Soliloquizing on Christmas trees, unknown and known

It wasn’t until I was 10 years old that I experienced the delight of having a Christmas tree. People didn’t follow that tradition in India and Burma, and even Australia. At my first USA Christmas in Redlands, Calif., at my grandparents’ little house, up went the tree with a string of crayon-colored bulbs and some simple ornaments. I was transfixed.

From then on, for me, decking a Christmas tree became important. The tree, with all its attendant symbolism as the tree of life, along with enjoying traditional music and sharing good meals, and perhaps a concert or two, became an important aspect of the winter solstice and end-of-the-year holidays.

When I was in seventh grade, we waited for a tree to come home from our school-teacher mom’s classroom once school was out. Our budget was stretched tight, and a “rich parent” had donated the tree for Mom’s fourth-graders to enjoy. We pushed it the long block home from her school in a wheelbarrow, its silver tinsel flapping in the wind, its foot nailed to a wood stand. Never mind that it looked (and felt) a bit dry; it was going to make home look so Christmasy!

When my own children were tots in Southern California, since we weren’t able to cut an actual tree in the snow, we took them to a Christmas tree lot to at least pick their pine. When the choice was finally made, the tree tied to red Ford’s top, the merriment factor definitely increased. One year, they chose a true Charlie Brown, on purpose. It was fun watching them transform it to look beautiful.

The December I moved to Kauai, I soon learned how the people of The Garden Island descend upon those containers that arrive to unload the trees harvested in cooler climes, trees that bring pine scent — as well as a few unwanted critters. There are never enough trees for everyone, so they’re prized. Norfolks are nice, and ironwood branches, potted palms and even mature ti plants can be decked and lit, but the fragrance is lacking.

That piney fragrance is what recently lured me into the garden center of a local department store. Suddenly, seeing dried-out Christmas tree wannabes stacked on their sides in trash bins, I was overcome with sadness. I had strolled happily down the rows of available pines, inhaling while considering if it were prudent to purchase a tree that was destined to morph into mulch material. Here, smack-dab before me, was the end result.

I reached to touch a frizzled branch, thinking of how no person would deck it with lights and ornaments, place a star on the top, no happy children would stare at it in wonderment, no surprises would lie at its feet come Christmas Eve. I pictured it growing on a lovely, green hillside of the Pacific Northwest.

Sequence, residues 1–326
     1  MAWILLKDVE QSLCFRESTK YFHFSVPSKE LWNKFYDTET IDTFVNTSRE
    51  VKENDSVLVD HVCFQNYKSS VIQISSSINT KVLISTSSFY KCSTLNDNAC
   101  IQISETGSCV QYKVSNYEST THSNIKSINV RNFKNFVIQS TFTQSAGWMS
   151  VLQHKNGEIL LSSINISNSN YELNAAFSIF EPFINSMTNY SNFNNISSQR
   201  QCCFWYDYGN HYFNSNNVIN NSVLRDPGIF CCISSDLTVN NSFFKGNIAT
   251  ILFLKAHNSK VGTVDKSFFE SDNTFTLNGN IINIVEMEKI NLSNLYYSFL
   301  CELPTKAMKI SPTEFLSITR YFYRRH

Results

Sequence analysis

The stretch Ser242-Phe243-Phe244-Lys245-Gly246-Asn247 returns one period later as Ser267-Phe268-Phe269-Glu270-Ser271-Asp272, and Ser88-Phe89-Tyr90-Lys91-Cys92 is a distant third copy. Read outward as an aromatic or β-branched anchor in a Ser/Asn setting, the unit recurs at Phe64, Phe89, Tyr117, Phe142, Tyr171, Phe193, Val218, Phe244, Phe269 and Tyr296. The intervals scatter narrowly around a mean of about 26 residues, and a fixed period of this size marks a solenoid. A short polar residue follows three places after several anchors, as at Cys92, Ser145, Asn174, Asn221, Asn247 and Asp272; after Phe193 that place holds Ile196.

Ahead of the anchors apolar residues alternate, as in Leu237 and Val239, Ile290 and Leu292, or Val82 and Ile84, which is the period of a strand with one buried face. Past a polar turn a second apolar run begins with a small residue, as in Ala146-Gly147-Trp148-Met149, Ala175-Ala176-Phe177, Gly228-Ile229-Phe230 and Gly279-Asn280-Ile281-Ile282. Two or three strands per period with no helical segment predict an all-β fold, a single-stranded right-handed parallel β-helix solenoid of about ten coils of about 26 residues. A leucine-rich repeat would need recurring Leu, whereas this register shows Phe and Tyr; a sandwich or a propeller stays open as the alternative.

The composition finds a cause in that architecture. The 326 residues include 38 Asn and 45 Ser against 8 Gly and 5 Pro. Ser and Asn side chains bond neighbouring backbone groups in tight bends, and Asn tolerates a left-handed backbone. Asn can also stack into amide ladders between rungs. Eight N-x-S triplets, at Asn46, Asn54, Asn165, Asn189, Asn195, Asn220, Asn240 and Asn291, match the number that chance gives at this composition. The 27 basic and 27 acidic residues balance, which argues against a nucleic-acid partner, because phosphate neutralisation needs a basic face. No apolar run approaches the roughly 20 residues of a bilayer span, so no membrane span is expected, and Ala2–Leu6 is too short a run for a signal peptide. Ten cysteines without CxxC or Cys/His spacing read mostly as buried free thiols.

I could almost feel my toes wriggling in my slippers as I thought of the roots spreading out in pine-needle loam, transmitting earth energy to growing tree. (Talk about anthropomorphism!) I pictured it being cut, tossed and trundled to the port where refrigerated containers would haul it over the sea to Kauai.

My eyes wandered over the row of still-green pines, realizing those that didn’t make it onto the sales floor were not as hardy — trashed with no hope of being treasured, even for a brief span. That was the root of my sadness — the idea of unfulfillment, either as a maturing pine or as a decorated symbol of light and everlasting life. Any life.

Here my attention was diverted to two happy boys helping their mom decide on a small green tree. The attendant cut the wires binding it, coaxed the branches outward; the trio nodded approval of its shape; the boys stood guard over it while their mom went to another department to finished her errands.

“That’s a beauty,” I said as I strolled by, and they grinned. I took a look at another tree in the $25 price range — a real Charlie Brown, then turned just as my husband came pushing a cart toward me to see what I was up to.

“I think we’ll cut the Norfolk, if that’s OK,” I said. “I’ve had my chance to breathe in the pine smell.”

This was fine with him. The Norfolk had served us well in its large, black pot for several years, until it needed more space than we could handle. Dee had planted it in the very spot where a small blue spruce that came home some dozen years before at a whopping 12” as a table-top tree had struggled to grow. That one finally gave up just as it reached the five-foot mark, unable to survive last summer’s heat and sun.

As it is, we decided the Norfolk needs another year of growth before the axe falls. I gave in and brought home a small fake tree that puts together in a twinkle — (made in China!). At least the old ornaments we dug out to hang on it are traditional. And the heart glow is real. However, next year the axe, I promise! The real tree will reign, and this one may or may not come out of its box, as an extra.


Dawn Fraser Kawahara, author and poet, made her home on Kauai over 30 years ago. She and her husband, a retired biology teacher, live quietly with books, music and birds in Wailua homesteads. The writer’s books may be found in local outlets and on Amazon. Information:


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